One of the biggest health threats in the world is hepatitis. Hepatitis is a very dangerous virus that comes in many forms, but they all have major impact on the liver. Over 300 million people are affected by this disease, many of whom are undiagnosed and untreated. Every 28th of July, organizations celebrate World Hepatitis Day, aimed at raising awareness and finding the missing cases by encouraging people to act on getting tested.
Hepatitis accounts for two out of every three liver cancer related deaths, and overall accounts for over one million deaths per year in the United States. While there are many types (Hepatitis A, B, C, D, and E), Hepatitis C is the most common form. It is most commonly transmitted through sharing needles, contact with infected blood, and less commonly, sex. However, it can also be transmitted through tattooing, piercing, and acupuncture.
Though in some instances symptoms may not appear, according to WebMD there are a few common symptoms for all types of hepatitis.
- Dark urine
- Stomach pain
- Yellowing of skin/eyes
- Loss of appetite
- Pale or clay-colored stool
WebMD also supplied a few additional facts on Hepatitis C. Unlike hepatitis A and B, there is no current vaccine for hepatitis C. Although there is no cure, there are a few techniques that aid in prevention.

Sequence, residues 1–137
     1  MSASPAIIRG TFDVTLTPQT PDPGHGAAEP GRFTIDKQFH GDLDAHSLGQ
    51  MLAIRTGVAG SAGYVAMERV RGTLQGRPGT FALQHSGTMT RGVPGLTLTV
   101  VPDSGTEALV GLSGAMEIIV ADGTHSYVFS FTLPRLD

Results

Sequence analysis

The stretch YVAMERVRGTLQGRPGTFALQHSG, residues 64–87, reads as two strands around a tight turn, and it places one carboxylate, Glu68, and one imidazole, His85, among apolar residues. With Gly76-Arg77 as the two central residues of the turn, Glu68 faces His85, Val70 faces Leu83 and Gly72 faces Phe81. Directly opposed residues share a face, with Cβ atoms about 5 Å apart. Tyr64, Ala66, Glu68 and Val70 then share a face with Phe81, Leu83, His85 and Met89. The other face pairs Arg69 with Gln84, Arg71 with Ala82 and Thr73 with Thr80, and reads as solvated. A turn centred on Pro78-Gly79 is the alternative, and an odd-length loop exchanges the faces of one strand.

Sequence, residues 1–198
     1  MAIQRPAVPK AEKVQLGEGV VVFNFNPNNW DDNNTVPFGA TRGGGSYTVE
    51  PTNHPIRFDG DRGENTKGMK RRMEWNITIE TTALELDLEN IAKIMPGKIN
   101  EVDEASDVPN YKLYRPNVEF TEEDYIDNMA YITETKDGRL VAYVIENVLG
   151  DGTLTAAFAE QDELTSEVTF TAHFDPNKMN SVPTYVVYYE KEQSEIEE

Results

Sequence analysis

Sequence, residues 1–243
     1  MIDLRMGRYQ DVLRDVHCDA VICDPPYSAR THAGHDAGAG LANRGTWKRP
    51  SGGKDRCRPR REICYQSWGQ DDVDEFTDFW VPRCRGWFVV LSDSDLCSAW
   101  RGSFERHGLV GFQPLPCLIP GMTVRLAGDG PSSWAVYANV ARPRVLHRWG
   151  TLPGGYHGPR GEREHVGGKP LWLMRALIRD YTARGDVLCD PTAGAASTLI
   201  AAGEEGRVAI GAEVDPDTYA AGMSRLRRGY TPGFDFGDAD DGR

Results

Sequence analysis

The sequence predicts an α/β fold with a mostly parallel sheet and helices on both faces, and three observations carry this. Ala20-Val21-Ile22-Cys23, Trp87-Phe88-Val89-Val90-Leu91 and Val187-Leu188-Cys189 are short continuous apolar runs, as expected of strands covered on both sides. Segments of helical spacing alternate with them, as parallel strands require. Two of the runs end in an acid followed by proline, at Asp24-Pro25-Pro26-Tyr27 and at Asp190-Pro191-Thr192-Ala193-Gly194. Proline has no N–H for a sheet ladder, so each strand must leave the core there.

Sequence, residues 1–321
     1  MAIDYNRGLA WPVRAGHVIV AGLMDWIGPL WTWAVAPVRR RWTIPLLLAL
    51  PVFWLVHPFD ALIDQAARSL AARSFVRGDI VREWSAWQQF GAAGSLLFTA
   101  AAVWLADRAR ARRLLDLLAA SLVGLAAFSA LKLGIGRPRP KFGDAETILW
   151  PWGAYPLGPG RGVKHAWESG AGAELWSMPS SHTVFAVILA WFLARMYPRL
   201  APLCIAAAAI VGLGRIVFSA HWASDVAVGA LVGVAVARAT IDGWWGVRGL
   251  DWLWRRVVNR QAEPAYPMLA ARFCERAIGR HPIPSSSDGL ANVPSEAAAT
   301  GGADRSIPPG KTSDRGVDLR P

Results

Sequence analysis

- Never share needles – Though this plays a bigger factor for drug users who are at greater risk, even simple things like sharing a straw can pass on the virus.
- Avoid direct exposure to blood – Particularly for healthcare professionals, it’s important to take steps to avoid direct contact with blood and be sure all tools used to extract blood are discarded or safely sterilized.
- Don’t share personal items – Items like razors, toothbrushes, nail clippers, etc., can easily be infected with hepatitis C due to their constant exposure to blood.
- Choose parlors wisely – Make sure tattoo or piercing shops are sanitary and their items used get cleaned or disposed for new customers.
- Practice safe sex
Although World Hepatitis Day has passed, make sure to go out and get screened. With over 300 million cases left undiagnosed, you could be one of many living with the virus with no symptoms. If you have any questions be sure to reach out to your doctor, and they’ll be able to provide more information on hepatitis virus and ways to protect your liver.